Canik METE SFx

The latest pistol line from Turkey might be the best combination of quality and value available today.

posted on March 30, 2022
Canik METE SFx

For many American shooters, if they have heard of the Turkish manufacturer Canik at all, it is because of the company’s popular striker-fired pistol, the TP9. Offering surprising all-around quality and reliability at an extremely affordable price, the TP9 put Canik—and indeed Turkey—on the map when it came to handguns that weren’t merely inexpensive, but actually desirable. Rather than rest on its laurels, Canik has introduced a new line of pistols called the METE (met-ay) with two models, the SFT and the subject of this review, the SFx.

The METE models are quite similar apart from some competitive-shooting-based enhancements on the SFx. The foundation of the pistols is a flat-dark-earth, polymer frame and a black stainless steel slide and barrel. Both come with an 18-round magazine and an extended 20-round magazine, along with a host of other accessories in a hard case that matches the frame’s color. Both pistols also feature slides cut for Shield RMS-pattern optics covered by a removable, yet seamlessly integrated, plate. Also, both METEs feature sights that co-witness with such optics. Where the SFx differs is in its barrel length (just a hair shorter than 5.25 inches versus 4.46 inches on the SFT) and the fact that it has eight lightening cuts in its longer slide. Otherwise, the pistols are quite similar, and therefore, apart from the shooting results and MSRP, most of what you are about to read applies to both of the METE models.

Canik METE SFx features
Thanks to an interchangeable backstrap, the METE SFx can be made to better fit the shooter’s hand • An included, easily installed speed mag well enhances the already-flared, integral unit on the pistol’s smartly textured grip • Sights are of the three-dot variety and are high enough to co-witness with MRDS optics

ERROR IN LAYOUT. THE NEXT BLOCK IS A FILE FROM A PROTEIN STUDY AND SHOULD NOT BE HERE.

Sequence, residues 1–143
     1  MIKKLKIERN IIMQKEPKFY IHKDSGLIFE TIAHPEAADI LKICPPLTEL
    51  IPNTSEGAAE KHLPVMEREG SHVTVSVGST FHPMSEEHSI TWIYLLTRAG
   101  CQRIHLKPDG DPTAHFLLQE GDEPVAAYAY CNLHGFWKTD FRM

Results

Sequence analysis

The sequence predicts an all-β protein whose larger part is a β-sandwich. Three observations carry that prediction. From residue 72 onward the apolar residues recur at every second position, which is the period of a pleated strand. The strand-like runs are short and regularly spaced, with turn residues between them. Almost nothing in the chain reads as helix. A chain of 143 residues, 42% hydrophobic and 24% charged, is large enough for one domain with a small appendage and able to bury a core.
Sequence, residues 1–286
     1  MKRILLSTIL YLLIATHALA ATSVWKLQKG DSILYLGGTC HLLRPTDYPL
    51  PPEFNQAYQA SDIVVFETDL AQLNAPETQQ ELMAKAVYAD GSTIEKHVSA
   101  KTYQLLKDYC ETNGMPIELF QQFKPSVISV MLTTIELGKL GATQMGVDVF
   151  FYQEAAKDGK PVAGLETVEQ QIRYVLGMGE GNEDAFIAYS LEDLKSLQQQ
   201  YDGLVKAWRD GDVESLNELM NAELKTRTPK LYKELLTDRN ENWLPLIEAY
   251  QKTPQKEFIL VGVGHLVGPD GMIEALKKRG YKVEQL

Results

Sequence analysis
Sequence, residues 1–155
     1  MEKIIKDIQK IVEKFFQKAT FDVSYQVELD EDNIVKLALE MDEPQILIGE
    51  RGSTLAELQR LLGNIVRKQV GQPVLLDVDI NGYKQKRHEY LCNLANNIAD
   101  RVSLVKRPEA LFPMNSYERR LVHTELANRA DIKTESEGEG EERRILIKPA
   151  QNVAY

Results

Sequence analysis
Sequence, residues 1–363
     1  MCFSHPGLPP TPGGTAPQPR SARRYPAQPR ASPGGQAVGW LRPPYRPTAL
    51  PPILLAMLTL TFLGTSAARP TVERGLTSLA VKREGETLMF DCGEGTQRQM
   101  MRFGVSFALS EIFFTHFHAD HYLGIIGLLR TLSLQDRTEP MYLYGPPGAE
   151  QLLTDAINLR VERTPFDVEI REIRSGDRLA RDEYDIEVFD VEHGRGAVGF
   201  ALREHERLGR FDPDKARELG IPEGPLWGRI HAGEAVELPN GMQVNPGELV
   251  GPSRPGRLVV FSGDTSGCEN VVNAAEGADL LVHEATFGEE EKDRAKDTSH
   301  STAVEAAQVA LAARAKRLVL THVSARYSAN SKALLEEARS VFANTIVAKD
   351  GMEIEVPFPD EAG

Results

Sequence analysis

Perhaps the most immediately noticeable feature of this pistol is its red paddle safety on the trigger face (it has no manual safety). Apart from standing out to the eye, it is functionally identical to any other such mechanism in that it prevents the pistol from firing unless and until the trigger is pulled fully rearward.

The trigger itself is somewhat enigmatic. I’ve read elsewhere that it is among the best on any factory striker-fired pistol, and I see why others reached this conclusion. When pulling or pressing the trigger as one would when firing rapid strings in competition or in a defensive encounter, it is indeed light and crisp, with a strong tactile reset. Yet, there is significant takeup; almost like a two-stage trigger on a rifle. I actually like two-stage rifle triggers, since they allow the shooter to pause before making the final decision to shoot, with only minor force required at that point to fire a round. Therefore, I found this aspect of the METE’s trigger favorable, though others might find there to be too much takeup.

Canik METE SFx features
Nestled inside of a double-cut trigger guard, the METE’s trigger sports a red paddle safety • The handgun ships with two magazines; an 18-round model and a 20-round version with an extended baseplate • Thanks to a padded hard case stocked with a multitude of useful tools and accessories, the METE is ready for most any task out of the box—just add ammo • Lighten-ing cuts at the front of the slide add flair and reduce weight • Cut for the popular Shield RMS-pattern footprint, the slide comes with a flush-fitting cover for those who choose not to mount an MRDS optic.